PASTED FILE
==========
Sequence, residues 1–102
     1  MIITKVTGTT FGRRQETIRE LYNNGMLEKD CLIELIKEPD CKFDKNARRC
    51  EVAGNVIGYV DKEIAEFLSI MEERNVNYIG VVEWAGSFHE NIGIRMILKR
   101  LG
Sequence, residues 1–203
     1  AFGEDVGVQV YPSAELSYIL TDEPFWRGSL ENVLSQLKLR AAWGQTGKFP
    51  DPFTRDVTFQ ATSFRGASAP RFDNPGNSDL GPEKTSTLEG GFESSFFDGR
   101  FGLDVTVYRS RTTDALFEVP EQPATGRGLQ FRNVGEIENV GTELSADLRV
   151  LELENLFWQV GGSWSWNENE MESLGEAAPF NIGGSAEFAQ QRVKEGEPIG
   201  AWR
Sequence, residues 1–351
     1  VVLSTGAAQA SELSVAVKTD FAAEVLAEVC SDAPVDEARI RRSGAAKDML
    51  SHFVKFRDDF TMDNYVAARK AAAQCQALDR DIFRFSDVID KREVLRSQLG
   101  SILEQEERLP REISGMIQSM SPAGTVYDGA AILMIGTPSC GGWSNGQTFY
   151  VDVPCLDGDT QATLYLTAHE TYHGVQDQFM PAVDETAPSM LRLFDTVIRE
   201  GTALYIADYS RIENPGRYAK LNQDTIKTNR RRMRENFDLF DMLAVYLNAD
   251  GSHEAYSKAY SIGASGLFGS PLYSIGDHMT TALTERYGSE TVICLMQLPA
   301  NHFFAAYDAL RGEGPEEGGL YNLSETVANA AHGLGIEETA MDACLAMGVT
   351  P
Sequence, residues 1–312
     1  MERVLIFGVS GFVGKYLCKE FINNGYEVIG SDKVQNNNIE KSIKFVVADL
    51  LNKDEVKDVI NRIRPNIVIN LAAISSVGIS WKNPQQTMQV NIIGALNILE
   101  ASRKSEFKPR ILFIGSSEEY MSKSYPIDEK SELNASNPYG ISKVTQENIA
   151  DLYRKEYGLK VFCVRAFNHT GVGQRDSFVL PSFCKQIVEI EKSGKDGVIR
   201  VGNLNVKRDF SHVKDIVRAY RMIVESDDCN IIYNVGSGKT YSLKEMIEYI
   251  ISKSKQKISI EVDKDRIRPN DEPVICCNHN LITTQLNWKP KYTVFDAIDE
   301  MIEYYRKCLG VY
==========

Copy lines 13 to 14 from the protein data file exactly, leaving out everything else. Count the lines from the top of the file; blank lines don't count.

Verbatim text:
    51  SHFVKFRDDF TMDNYVAARK AAAQCQALDR DIFRFSDVID KREVLRSQLG
   101  SILEQEERLP REISGMIQSM SPAGTVYDGA AILMIGTPSC GGWSNGQTFY